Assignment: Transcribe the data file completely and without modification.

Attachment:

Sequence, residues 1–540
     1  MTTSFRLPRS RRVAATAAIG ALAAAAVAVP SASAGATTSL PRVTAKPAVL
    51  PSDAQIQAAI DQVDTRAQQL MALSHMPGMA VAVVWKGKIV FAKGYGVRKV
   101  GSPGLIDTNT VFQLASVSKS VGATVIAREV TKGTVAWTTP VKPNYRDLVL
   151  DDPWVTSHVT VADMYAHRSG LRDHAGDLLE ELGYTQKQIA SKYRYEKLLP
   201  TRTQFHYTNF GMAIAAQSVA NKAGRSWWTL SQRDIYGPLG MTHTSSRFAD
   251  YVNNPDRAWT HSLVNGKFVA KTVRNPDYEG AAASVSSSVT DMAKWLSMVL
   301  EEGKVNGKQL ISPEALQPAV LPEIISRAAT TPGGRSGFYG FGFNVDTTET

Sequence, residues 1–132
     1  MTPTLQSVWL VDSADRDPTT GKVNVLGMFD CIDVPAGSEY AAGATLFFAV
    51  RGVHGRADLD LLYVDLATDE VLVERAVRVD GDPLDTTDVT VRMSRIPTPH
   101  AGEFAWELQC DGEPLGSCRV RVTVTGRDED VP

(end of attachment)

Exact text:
Sequence, residues 1–540
     1  MTTSFRLPRS RRVAATAAIG ALAAAAVAVP SASAGATTSL PRVTAKPAVL
    51  PSDAQIQAAI DQVDTRAQQL MALSHMPGMA VAVVWKGKIV FAKGYGVRKV
   101  GSPGLIDTNT VFQLASVSKS VGATVIAREV TKGTVAWTTP VKPNYRDLVL
   151  DDPWVTSHVT VADMYAHRSG LRDHAGDLLE ELGYTQKQIA SKYRYEKLLP
   201  TRTQFHYTNF GMAIAAQSVA NKAGRSWWTL SQRDIYGPLG MTHTSSRFAD
   251  YVNNPDRAWT HSLVNGKFVA KTVRNPDYEG AAASVSSSVT DMAKWLSMVL
   301  EEGKVNGKQL ISPEALQPAV LPEIISRAAT TPGGRSGFYG FGFNVDTTET

Sequence, residues 1–132
     1  MTPTLQSVWL VDSADRDPTT GKVNVLGMFD CIDVPAGSEY AAGATLFFAV
    51  RGVHGRADLD LLYVDLATDE VLVERAVRVD GDPLDTTDVT VRMSRIPTPH
   101  AGEFAWELQC DGEPLGSCRV RVTVTGRDED VP